9 August is International Day of the World’s Indigenous Peoples and an occasion to celebrate the tenth anniversary of the landmark United Nations Declaration on the Rights of Indigenous Peoples (UNDRIP). According to the UN, indigenous peoples are inheritors and practitioners of unique cultures and ways of relating to people and the environment. And they are in a unique position to make powerful contributions to strong climate action.
Numbering about 370 million people worldwide, about five percent of the world’s population, indigenous peoples care for nearly 22 percent of the Earth’s surface. Living in areas as diverse as the Amazon and the Arctic, they help protect an estimated 80 percent of the planet’s remaining biodiversity.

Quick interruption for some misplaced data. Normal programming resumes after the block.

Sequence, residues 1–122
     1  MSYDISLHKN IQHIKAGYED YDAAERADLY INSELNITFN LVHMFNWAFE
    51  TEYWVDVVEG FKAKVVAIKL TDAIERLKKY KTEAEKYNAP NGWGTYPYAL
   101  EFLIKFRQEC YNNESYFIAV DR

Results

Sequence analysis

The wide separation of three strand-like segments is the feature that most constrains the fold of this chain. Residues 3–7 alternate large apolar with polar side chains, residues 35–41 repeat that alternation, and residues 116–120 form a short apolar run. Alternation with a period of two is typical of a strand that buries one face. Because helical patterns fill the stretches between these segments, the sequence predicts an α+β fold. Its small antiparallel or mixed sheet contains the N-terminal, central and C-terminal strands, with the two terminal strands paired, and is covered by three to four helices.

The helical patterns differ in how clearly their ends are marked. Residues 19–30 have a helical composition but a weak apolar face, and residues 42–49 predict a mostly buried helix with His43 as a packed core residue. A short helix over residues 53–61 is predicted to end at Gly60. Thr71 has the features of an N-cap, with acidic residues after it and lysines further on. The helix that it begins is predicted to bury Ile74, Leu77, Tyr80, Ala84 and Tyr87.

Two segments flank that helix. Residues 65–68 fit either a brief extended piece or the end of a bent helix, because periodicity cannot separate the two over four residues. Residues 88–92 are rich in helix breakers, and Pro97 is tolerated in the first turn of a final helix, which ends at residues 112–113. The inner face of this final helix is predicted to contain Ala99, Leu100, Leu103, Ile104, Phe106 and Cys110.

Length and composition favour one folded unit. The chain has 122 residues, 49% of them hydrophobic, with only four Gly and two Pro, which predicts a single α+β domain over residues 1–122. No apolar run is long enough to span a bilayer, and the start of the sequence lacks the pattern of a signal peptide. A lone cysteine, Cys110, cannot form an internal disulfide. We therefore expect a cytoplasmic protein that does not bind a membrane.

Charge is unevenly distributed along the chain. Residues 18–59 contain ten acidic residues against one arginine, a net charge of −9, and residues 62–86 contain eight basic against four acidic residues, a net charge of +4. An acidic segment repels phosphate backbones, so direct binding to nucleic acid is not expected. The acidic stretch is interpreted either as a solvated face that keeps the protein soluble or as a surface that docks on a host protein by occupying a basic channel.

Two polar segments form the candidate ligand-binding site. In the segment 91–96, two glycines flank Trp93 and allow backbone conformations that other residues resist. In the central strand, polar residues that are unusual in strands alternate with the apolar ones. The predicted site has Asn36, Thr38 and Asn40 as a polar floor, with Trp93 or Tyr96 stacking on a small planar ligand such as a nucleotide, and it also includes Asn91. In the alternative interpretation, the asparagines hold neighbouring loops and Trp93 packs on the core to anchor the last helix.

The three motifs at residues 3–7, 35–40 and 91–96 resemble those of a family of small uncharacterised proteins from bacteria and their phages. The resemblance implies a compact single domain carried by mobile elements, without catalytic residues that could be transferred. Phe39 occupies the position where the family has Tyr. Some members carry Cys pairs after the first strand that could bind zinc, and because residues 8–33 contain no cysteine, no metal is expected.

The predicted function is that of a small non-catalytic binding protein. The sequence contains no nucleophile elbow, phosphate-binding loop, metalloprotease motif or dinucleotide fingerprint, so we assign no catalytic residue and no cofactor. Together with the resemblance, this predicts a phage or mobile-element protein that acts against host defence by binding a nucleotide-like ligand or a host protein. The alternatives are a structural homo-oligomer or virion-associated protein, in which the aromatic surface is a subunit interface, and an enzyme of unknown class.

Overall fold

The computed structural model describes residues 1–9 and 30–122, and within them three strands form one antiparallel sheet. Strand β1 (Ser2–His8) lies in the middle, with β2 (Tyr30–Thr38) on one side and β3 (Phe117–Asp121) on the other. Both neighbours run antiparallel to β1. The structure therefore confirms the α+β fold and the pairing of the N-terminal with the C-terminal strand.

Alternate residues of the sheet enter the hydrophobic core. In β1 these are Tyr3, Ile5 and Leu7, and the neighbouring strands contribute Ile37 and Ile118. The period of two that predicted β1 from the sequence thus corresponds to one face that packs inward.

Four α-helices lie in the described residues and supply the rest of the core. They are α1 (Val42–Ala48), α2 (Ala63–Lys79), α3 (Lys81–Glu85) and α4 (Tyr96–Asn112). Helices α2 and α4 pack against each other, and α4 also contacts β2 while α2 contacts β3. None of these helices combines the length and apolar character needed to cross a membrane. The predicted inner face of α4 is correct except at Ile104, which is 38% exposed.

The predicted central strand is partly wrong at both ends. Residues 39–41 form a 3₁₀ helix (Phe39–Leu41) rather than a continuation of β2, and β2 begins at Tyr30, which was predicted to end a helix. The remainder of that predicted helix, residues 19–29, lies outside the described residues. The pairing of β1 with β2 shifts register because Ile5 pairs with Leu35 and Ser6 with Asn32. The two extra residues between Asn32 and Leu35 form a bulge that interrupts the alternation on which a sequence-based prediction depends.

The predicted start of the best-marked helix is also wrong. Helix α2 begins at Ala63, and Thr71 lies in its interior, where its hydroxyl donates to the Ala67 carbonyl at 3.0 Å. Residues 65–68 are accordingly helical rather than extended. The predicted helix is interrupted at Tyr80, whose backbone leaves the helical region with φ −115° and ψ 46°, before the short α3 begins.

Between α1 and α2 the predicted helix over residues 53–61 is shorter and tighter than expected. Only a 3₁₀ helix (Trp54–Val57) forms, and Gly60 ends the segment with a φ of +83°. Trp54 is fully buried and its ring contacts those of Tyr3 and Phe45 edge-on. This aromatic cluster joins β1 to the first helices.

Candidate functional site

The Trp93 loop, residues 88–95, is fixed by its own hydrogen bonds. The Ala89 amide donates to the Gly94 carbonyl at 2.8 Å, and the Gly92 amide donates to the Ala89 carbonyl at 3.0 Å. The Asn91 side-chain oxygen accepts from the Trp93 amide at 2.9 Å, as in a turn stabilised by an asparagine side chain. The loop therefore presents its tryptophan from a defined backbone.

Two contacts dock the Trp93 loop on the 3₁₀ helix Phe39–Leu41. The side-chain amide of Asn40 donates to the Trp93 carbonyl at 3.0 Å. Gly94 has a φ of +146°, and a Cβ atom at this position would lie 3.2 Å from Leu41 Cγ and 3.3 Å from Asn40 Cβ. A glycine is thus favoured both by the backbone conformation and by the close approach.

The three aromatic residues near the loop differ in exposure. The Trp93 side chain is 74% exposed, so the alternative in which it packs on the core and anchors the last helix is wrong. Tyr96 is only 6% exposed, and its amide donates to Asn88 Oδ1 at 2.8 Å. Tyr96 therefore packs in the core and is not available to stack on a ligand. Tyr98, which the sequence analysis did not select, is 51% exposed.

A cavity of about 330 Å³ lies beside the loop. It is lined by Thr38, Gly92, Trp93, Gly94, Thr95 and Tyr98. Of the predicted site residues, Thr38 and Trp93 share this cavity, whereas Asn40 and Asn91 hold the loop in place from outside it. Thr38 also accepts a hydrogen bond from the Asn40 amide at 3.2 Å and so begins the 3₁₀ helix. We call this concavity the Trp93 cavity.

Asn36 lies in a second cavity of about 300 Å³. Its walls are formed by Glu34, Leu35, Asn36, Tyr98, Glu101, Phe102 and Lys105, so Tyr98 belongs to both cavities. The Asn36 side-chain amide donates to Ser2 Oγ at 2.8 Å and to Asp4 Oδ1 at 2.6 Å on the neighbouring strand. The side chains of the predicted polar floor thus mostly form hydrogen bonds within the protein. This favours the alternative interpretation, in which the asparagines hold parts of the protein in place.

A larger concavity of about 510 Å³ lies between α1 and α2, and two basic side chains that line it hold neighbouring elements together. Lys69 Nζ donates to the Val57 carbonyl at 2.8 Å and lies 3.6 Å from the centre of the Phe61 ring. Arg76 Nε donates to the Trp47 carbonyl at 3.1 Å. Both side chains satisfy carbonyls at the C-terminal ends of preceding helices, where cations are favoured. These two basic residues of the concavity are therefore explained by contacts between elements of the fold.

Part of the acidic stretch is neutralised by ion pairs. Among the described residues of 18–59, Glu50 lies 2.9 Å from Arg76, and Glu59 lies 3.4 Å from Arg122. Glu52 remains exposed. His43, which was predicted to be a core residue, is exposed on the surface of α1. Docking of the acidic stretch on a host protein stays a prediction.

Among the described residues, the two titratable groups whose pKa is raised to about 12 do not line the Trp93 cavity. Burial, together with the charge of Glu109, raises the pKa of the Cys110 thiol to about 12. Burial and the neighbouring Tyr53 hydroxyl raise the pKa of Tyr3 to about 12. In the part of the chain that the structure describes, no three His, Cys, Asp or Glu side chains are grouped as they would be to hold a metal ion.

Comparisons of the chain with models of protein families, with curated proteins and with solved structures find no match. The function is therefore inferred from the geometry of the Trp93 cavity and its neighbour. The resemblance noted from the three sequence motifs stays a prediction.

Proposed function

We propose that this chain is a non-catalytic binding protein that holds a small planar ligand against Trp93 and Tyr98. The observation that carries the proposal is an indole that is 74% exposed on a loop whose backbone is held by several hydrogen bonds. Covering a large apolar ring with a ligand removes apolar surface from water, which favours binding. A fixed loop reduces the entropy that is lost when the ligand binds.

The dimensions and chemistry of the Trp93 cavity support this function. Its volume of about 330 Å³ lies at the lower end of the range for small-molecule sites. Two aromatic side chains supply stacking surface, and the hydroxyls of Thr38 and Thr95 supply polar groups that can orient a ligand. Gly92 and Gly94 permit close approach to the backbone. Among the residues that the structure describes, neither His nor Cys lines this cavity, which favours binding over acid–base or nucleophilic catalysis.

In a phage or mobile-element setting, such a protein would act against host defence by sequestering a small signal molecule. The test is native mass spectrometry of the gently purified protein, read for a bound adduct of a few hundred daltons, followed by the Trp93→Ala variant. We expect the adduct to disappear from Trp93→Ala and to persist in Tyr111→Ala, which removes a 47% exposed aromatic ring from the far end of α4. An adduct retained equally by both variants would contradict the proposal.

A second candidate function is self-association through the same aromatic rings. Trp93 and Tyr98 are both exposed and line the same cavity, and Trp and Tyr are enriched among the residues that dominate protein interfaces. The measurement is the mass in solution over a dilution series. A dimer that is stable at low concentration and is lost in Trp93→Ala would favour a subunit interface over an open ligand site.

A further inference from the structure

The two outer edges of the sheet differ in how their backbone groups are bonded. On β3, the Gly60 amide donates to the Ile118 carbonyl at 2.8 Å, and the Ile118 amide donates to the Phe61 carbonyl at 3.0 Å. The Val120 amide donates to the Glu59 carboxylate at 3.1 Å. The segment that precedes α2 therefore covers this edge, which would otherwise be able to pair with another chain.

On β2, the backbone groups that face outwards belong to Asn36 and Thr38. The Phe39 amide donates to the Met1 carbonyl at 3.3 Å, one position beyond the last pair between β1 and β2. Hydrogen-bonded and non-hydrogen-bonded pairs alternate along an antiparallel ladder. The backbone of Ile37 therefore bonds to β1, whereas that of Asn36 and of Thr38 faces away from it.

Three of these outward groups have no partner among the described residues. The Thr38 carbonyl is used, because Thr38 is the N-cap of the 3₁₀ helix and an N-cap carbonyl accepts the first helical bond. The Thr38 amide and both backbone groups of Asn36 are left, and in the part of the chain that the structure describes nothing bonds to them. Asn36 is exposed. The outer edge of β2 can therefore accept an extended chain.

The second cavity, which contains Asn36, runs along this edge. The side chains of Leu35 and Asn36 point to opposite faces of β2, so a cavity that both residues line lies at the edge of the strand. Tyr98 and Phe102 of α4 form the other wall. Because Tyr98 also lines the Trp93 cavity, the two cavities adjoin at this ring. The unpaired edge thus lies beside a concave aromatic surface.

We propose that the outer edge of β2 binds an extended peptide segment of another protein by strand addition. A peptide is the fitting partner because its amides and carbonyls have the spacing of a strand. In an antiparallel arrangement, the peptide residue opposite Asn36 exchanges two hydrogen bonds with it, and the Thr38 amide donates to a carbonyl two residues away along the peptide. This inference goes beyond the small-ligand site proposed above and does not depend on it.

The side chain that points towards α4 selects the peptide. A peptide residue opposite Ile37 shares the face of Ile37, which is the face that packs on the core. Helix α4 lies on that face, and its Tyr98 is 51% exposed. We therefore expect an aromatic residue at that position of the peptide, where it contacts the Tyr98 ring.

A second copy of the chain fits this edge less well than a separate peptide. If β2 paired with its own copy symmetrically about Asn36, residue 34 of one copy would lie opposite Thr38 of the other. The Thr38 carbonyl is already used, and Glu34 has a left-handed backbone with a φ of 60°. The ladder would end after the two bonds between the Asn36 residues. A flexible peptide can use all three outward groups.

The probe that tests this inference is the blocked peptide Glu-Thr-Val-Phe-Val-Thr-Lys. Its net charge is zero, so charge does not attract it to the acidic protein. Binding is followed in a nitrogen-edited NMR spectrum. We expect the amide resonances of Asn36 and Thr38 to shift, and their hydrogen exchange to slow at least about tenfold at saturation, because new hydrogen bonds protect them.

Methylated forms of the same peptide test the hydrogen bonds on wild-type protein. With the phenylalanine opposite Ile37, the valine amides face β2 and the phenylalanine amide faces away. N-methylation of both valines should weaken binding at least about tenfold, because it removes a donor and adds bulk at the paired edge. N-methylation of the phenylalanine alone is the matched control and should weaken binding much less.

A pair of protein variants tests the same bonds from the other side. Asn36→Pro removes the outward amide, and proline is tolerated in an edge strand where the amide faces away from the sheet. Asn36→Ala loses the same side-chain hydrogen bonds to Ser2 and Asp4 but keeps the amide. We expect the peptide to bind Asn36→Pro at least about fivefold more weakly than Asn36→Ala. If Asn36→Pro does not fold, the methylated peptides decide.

The Paris Climate Change Agreement recognizes the role of indigenous peoples and local communities in building a world that is resilient in the face of climate impacts. UNFCCC Executive Secretary Patricia Espinosa says she relies on the voice and knowledge of indigenous peoples “to understand how to build a platform that best serves the needs of the indigenous community” and which helps “to build bridges between indigenous communities and other groups acting on climate change.”
Indigenous leader Hindou Oumarou Ibrahim speaks about the Paris Climate Change Agreement’s importance for the world’s Indigenous peoples
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